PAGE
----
Recently, Hungary have started again a massive billboard campaign in which “Brussels sanctions” are shown as a bomb that is dropped on the Hungarian population. As a result of the deliberately misleading rhetoric, 50 percent of Fidesz voters think that the government has not supported these so-called “Brussels sanctions” according to a recent poll by Political Capital Institute.



The implications
Hungary’s importance lies in its membership in international institutions and Viktor Orbán’s international impact. Orbán's goal is to build a populist, illiberal alliance across Europe and beyond. He serves as a role model for many. Through investments in the local media and economy, Orbán is extending his influence in the broader region. Some of the above-mentioned narratives are widely spread beyond the borders of Hungary as well, as the INGE I Special Committee concluded in its final report. It is true for countries with ethnic Hungarian minority, but also for countries in the Western Balkans through media ownerships, including Slovenia, Serbia, and North Macedonia.

The government’s sympathy towards the Kremlin have not gone unnoticed on the Russian side either. Russian politicians, including Vladimir Putin, Sergey Lavrov and Dmitry Peskov, repeatedly praise Hungary for its outlierism in foreign policy19. And it has an impact on the foreign policy of Hungary as well: as the only EU member state, Hungary obstructed putting Patriarch Kirill on the sanctions list despite his vocal support of the war. Hungary is strengthening ties with the Russian Orthodox church which serves as the extended hand of the Kremlin, GRU, and FSB. Hungary is not supporting the training of Ukraine military personnel (at the same time not blocking it with veto), and currently delaying the ratification of NATO-accession of Sweden and Finland without providing a persuasive explanation.

What should the EU do?
Russia’s strategy of dividing Europe is to focus on member states and find the weakest links. Of course, Hungary is not the only target of this strategy, but there are many others, such as Greece, Austria, Slovakia, Cyprus, Italy, and the list goes on. But Hungary has recently become one of the most successful examples of this influence. It is the common interest of the member states of the EU to counter the increasing Russian influence, in which democratic backsliding comes hand in hand with corrosive capital and a geopolitical reorientation.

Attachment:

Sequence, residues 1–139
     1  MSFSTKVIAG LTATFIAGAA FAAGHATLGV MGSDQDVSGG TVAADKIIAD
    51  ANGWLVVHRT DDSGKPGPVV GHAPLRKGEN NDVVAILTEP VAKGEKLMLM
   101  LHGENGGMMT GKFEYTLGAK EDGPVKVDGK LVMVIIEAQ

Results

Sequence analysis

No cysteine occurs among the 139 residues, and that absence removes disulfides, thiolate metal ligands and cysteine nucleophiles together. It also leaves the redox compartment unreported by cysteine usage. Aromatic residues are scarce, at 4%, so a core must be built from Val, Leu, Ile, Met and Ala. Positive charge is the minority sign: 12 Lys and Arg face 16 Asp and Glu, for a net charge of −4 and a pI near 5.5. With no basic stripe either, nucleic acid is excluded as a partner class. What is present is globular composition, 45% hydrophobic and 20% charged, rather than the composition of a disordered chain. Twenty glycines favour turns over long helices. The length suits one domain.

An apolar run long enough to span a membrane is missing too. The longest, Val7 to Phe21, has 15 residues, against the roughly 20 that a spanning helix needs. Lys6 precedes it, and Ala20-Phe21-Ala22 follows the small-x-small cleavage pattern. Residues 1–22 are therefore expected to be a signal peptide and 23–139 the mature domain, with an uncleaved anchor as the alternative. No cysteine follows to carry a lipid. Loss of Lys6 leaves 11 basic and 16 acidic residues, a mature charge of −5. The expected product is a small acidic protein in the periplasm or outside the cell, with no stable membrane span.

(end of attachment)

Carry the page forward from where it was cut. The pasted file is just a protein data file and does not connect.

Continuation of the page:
Two issues are crucially important to deal with. First: a more coordinated response of European intelligence agencies against Russian infiltration in national, and European institutions. Also, more investment screening is needed, in line with the spirit and wording of the sanctions. Second, steps to keep up the plurality and the integrity of the information space in EU Member states to decrease the (dis)information impact of Russia on the level of Member States. Institutions such as EDMO or EU vs. Disinfo, and legislative plans like the European Media Act are all important20. As not only Russian, but Chinese influence and disinformation operations are becoming more active, more effort is needed in Europe to defend the values of the EU from these external influences that are becoming internal, aiming to destroy the EU from within.


1 Along with Slovakia, Greece, Austria:
2 Governmental promises to eliminate energy dependence from Russia by 2050:
6 These are, by the way, all NATO and/or EU countries, despite attempts of Eastern and Southern opening.
12 13 “Mindent beborít a Fidesz-közeli média,” Mérték Médiaelemző Műhely, April 25, 2019,
16 17 Dávid Sajó, “Magyarországon is óriási erőkkel terjeszti a Kreml a háborús propagandát,”, March 3, 2022,
17 Dávid Sajó, “Magyarországon is óriási erőkkel terjeszti a Kreml a háborús propagandát,”, March 3, 2022,  
20 Political Capital is part of the consortium that is responsible for the national EDMO Hub in the framework of the Lakmusz2 consortium together with Magyar Jeti Zrt., AFP, Mérték Media Monitor and Idea Foundation.